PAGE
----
IMPORTANT: Even though notarization is not required for last wills in Oregon, it usually helps facilitate the probate.

When weighing attested and holographic last wills, which one is preferable?


In order to make a holographic last will, you will have to do it by hand and have it witnessed according to the state law. Take into account that this type of last will is often made when there is no other choice and is normally replaced by a more thorough document created with the help of a fillable will template or law firm. It is not encouraged to have a holographic last will as your final version since it might have unclear or inconsistent statements, resulting in a great delay in the probate.

An attested last will is a typewritten document, usually based upon a fillable form obtainable online or prepared with the aid of a law firm. To be viewed as valid, it must be signed by the testator and two trusted witnesses older than 18 in the testator’s presence, which can also be exercised in the presence of a notary public. But, the latter isn’t needed in Oregon.

What's testamentary capacity?


The testator must meet testamentary capacity prerequisites in order to make and change their last will, including being of sound mind.

There are usually two requirements to meet: age and soundness of mind. In the majority of states, you have to be over 18 years old in order to create a last will. Being of sound mind indicates that you are conscious of your estate as well as the heirs of your assets and have a full understanding of the aftereffects of your doings.

Do I have to attach a self-proving affidavit to my last will and testament in Oregon?


According to Oregon law, you do not have to add a self-proving affidavit to your will. Nonetheless, it will serve you well to include this document. In the course of probate, it can serve as an alternative for the witness testimony in court and ease the procedure.

Can you leave out your children or spouse from a last will and testament?


In Oregon, there’s no such concept as community or marital property. That means all the possessions gained or improved during the marriage do not have to be evenly distributed between each of the spouses. Taking the above-mentioned fact into account, one might assume that it is somewhat easier to divorce with such a marriage system.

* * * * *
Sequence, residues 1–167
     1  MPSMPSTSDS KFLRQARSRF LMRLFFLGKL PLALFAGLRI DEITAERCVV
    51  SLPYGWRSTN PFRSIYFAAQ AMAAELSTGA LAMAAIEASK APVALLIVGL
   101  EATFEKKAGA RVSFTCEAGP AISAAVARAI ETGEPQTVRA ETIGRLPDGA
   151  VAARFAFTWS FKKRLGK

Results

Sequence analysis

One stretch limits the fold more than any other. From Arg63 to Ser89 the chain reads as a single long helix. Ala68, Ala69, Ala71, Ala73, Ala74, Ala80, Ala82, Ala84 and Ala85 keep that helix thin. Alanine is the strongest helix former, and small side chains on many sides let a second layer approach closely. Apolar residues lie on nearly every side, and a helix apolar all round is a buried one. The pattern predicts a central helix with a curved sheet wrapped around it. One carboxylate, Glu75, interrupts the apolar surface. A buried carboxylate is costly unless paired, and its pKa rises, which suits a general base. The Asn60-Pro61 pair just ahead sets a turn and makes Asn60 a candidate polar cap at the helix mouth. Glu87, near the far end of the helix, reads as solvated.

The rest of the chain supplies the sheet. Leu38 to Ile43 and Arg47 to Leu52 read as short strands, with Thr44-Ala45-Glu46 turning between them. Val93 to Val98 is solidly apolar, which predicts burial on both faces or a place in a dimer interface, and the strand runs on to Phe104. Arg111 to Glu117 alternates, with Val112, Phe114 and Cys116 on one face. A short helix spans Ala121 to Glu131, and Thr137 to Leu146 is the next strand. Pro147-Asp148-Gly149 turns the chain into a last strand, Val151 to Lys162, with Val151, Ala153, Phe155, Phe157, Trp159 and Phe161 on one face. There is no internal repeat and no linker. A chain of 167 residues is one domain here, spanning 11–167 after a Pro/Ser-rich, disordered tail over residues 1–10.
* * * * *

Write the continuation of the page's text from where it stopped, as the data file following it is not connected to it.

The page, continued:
According to Census.gov, in the state of Oregon in 2018, the divorce rate was 10.1 per 1,000 women over 15 years old, in comparison to the average US rate of 7.7 in the same period.


Oregon law permits you to cut your spouse off the will, yet he/she will have the right to get a definite minimum amount of your property.

Regarding other members of your family, you can legally disinherit anyone else. Your adult children or any other relatives can be legally disinherited totally in your will. For doing that, include specific paragraphs to your last will and testament.

Is someone allowed to modify my last will and testament?


Only the testator can change his or her will. There is one particular situation when another person is allowed to intervene. When you are physically incapable of signing your will, a third party is permitted to do it instead of you but only with you present.

In Oregon, is it possible to adjust a typewritten will after signing it?


Yes, it can be done.

A testator is allowed to change or repeal his or her will at any time. The sole situation that will prevent you from doing it is if such action is prohibited under the contract you signed.

It can be a good idea to review your last will when a serious event takes place in your life. Those include but are not limited to:

  1. A child has been adopted or born
  2. Divorce or marriage
  3. You bought or sold real estate or a large piece of property
  4. Your financial position has changed considerably

What should I do in case my last will and testament has been lost?


Oregon law says that a will can be accepted in case it is lost or damaged. However, just the initial version of the last will may be recognized by the probate court.

Oregon law can make a supposition that the will’s absence implies it has been annulled. This puts the responsibility on the advocate of the will to give evidence of the said will.

For holographic wills, the situation may become a lot more troublesome as sworn witnesses and testimony will be demanded. The reason behind not producing the last will and its elements has to be confirmed too.

In what way does a physically challenged person sign his or her last will?


In line with the Oregon Estate Code, it will be possible for a person to sign his or her last will providing it is your (as a testator) directive and in your presence. The testator can communicate their last wishes verbally, by giving a positive answer to an inquiry, or with a gesture.

It is possible to have a notary sign the name of a testator who is physically unable to do it in case the testator guides the notary public in the presence of a witness. It is worth noting that such witnesses can’t have an interest (equitable or legal) in any properties and assets being the subject or that might be influenced by this type of a document (the last will and testament).

Related documents Download When to make one
Codicil DOCX, ODT, PDF You want to make a single or several slight adjustments to your will.
Self-proving affidavit DOCX, ODT, PDF You want to facilitate the probate in the future.
Living will DOCX, ODT, PDF You want to state your wishes regarding the end-of-life medical care and life-prolonging procedures.
Living trust DOCX, ODT, PDF You need more confidentiality and protection once the time to distribute your possessions comes.
Published: Sep 18, 2020